CHARLOTTE, N.C. (AP) It is only fitting that it was Scott Dixon, the greatest IndyCar driver of his generation, to grab some of the spotlight away from Fernando Alonso.
Sure, “The Iceman” was robbed at gunpoint in the drive thru of a Taco Bell just a mile away from Indianapolis Motor Speedway not long after he won the pole for the Indianapolis 500. He made a dash for his taco celebration with mate Dario Franchitti, a fellow four-time IndyCar champion, and the headlines of the robbery followed soon after.
But Dixon was already becoming the talk of the speedway before the great Taco Bell heist as “The Greatest Spectacle in Racing” had turned into, well, quite the spectacle, almost all of it surrounding Alonso.
Alonso deserves the attention. The two-time Formula One champion has thrived at Indy and soaked in every single second of his opportunity to run in what he considers to be the greatest race in the world.
But it was Dixon who won the pole in an aggressive setup from engineer Chris Simmons that pushed the limits. Dixon’s third Indy 500 pole was the best qualifying run in 21 years at Indy, his four-lap average a brisk 232.164 mph.
Dixon’s doesn’t let much bother him, so the Alonso show is hardly a slight to the New Zealand driver. Still, he’s the 2008 winner of the Indy 500 and ranks fourth on the all-time winning list. He’s no different than Helio Castroneves, Tony Kanaan, Juan Pablo Montoya, Ryan Hunter-Reay or even Alexander Rossi – all Indy 500 winners who find themselves in the Alonso’s shadow.
The upside to Alonso skipping the F1 race at Monaco this weekend is that new viewers are paying attention to the Indy 500. The downside is that it has come at the expense of quite a few storylines that, without the presence of Alonso, would be a huge part of the hype leading into Sunday.
The subplots at Indy are meaty, too:
<pPAGING ROGER PENSKE
His organization is known for excellence and Team Penske holds Indianapolis in the highest regard. But only one of the five Penske cars qualified for the Fast Nine Shootout on pole day, and Will Power ended up the slowest qualifier of the group. He will start ninth on Sunday, highest of all the Penske cars.
“That was as good as we had,” Power said.
Roger Penske has a record 16 wins at Indy, but his cars didn’t look like contenders out of qualifying.
Behind Power is Castroneves, who will start 19th – the worst qualifying position in 17 Indy 500 starts for the three-time winner. Two-time Indy 500 winner Montoya will start 18th, Josef Newgarden 22nd and Simon Pagenaud 23rd.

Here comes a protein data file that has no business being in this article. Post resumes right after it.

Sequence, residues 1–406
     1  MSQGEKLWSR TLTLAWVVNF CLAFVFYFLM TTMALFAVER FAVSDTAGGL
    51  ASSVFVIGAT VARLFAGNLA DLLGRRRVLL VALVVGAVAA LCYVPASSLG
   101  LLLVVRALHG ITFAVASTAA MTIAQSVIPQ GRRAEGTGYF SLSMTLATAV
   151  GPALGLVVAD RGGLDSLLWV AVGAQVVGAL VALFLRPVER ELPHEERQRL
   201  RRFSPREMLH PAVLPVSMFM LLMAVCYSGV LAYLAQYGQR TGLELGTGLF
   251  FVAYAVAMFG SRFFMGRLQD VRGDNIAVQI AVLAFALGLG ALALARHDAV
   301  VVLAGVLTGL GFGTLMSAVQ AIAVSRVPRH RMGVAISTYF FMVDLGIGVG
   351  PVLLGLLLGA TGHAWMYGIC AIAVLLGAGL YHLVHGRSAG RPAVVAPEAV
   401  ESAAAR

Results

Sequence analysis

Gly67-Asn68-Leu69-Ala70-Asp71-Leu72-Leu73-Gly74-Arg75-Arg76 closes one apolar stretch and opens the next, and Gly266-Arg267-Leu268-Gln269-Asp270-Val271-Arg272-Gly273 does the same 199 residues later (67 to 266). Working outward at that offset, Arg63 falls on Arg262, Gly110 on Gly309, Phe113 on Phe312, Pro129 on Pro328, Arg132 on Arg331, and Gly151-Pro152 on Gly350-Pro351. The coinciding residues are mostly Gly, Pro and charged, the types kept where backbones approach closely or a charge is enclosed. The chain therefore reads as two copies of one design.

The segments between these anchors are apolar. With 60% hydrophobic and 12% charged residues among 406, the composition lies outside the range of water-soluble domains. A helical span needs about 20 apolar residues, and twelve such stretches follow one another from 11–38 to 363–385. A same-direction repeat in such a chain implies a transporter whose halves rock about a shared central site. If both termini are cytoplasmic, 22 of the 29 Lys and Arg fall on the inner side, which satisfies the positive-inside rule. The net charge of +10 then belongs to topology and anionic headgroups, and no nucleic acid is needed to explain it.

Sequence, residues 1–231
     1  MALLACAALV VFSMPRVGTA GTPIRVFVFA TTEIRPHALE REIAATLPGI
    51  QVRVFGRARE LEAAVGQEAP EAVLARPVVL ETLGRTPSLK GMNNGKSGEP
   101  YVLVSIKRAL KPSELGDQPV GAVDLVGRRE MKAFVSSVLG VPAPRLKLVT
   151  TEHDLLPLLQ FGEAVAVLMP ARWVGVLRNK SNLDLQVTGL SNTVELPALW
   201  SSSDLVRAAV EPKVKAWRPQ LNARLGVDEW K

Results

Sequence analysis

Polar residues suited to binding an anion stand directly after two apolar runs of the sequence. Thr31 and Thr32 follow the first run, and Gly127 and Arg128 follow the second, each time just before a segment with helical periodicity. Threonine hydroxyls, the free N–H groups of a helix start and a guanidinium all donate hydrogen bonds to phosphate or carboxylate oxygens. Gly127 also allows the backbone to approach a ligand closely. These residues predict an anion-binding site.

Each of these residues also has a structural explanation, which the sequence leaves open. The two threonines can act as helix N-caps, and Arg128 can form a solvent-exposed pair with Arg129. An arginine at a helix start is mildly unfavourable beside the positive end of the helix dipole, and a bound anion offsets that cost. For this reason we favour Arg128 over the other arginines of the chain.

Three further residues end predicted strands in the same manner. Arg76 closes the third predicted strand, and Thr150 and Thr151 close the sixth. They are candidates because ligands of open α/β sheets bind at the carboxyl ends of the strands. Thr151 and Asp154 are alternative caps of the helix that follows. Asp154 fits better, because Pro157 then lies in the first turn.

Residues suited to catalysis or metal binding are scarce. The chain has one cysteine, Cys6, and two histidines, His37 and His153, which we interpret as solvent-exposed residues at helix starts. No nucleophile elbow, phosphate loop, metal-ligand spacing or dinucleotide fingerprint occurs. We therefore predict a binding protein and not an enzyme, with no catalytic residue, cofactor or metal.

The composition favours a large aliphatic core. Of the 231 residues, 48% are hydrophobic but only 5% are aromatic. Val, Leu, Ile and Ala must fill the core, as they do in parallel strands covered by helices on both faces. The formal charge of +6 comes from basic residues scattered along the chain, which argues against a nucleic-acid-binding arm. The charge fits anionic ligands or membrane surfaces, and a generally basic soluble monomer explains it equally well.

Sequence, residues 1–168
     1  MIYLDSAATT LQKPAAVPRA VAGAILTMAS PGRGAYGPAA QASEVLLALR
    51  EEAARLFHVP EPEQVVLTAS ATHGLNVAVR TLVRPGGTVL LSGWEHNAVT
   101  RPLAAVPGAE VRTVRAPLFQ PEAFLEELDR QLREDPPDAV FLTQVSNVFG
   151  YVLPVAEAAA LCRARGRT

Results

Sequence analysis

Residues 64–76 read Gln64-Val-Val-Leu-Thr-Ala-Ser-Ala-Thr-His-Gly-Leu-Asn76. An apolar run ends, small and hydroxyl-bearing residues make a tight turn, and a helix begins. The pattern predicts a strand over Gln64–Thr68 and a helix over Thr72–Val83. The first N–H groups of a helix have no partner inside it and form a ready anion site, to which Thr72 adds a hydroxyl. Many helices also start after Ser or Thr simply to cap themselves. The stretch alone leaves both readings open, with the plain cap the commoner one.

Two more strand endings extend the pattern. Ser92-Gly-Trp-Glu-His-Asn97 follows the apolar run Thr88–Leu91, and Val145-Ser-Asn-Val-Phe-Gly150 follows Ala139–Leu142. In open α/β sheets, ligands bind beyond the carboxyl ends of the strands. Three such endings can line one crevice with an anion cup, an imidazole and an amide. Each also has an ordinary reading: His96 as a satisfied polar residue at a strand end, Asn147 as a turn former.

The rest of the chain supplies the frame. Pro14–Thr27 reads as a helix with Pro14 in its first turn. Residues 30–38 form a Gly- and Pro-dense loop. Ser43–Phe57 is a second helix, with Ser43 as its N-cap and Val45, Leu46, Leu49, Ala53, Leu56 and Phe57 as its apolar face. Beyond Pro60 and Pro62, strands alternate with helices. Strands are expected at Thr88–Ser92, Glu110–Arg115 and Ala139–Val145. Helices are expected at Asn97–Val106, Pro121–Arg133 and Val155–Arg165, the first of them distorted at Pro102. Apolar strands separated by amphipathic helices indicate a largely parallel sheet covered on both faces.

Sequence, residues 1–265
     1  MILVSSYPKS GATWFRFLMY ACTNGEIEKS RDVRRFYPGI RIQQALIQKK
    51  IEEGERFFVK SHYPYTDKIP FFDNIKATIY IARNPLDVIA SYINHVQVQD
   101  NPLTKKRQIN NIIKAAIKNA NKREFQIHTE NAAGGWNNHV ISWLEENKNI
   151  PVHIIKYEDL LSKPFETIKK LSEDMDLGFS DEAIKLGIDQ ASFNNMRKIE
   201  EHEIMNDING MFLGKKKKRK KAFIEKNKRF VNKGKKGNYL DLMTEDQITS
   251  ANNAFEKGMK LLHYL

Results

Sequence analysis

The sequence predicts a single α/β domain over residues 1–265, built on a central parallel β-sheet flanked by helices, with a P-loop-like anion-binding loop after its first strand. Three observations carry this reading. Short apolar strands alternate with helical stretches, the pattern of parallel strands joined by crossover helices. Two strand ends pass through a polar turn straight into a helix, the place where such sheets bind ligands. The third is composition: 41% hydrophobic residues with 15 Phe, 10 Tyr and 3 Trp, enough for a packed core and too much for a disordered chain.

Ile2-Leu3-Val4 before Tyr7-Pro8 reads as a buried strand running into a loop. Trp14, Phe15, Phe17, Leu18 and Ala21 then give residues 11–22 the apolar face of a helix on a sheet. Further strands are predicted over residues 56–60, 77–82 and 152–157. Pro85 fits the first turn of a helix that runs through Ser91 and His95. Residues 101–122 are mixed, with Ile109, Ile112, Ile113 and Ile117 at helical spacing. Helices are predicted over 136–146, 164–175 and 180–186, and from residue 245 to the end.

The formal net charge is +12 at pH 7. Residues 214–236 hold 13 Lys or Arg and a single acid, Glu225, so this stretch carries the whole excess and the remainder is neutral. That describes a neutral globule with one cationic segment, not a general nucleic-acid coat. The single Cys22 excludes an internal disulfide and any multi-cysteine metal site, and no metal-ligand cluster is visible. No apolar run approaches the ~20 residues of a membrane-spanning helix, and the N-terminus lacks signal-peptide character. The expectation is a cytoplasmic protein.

“It is a mystery,” Pagenaud said. “That’s what makes Indianapolis, that’s why this place is special. Sometimes it’s tough to figure it out. We can’t figure it out this month.”
If the team doesn’t pick it up by Sunday, The Captain will not be a happy man.
CHEVROLET VS. HONDA
Chevrolet seemed to be lagging behind Honda at the start of the IndyCar season, when Honda opened with a pair of victories. But three straight Chevrolet wins seemed to indicate it might be an even playing field.
Well, either Chevrolet is sandbagging at Indy, or Honda has really upped its game.
The Fast Nine qualifying consisted of six Honda drivers, and just three from Chevrolet. Ed Carpenter was the highest-qualifying Chevy driver at second, and teammate JR Hildebrand was sixth. But with the Penske cars struggling, Chevrolet just seems overmatched.
It’s an odd position for Chevy, the dominant manufacturer since it returned to IndyCar competition in 2012, and has the makings for an ugly Indy 500 for the Bowtie Brigade.
BOURDAIS’ BAD BREAK
Few drivers had as strong a start to the season as Sebastien Bourdais, another four-time champion who has gone largely under the radar for almost a decade.
But he opened the year with a sports car victory at the Rolex 24 at Daytona driving for Chip Ganassi, and then won the IndyCar opener at St. Petersburg driving for tiny Dale Coyne Racing.
Bourdais’ lap of 233.116 mph registers as the fastest so far at Indy this month, and he might have had a shot at the pole before his frightening accident in Saturday’s qualifying. Now the Frenchman has had surgery to repair fractures to his hip and pelvis, and Coyne likely lost his shot at winning the 500.
James Davison will replace Bourdais, who is out indefinitely. He tweeted a picture of himself Monday in his hospital gown, but up and moving with a walker. His loss is a huge blow to the Coyne team, which Bourdais felt strongly he could build into a contender and seemed to be delivering on his word through his first season with the organization.
The Alonso factor is certainly intriguing, but there’s a lot happening at Indy that doesn’t involve him. The excitement is thick, even without a trip to Taco Bell.
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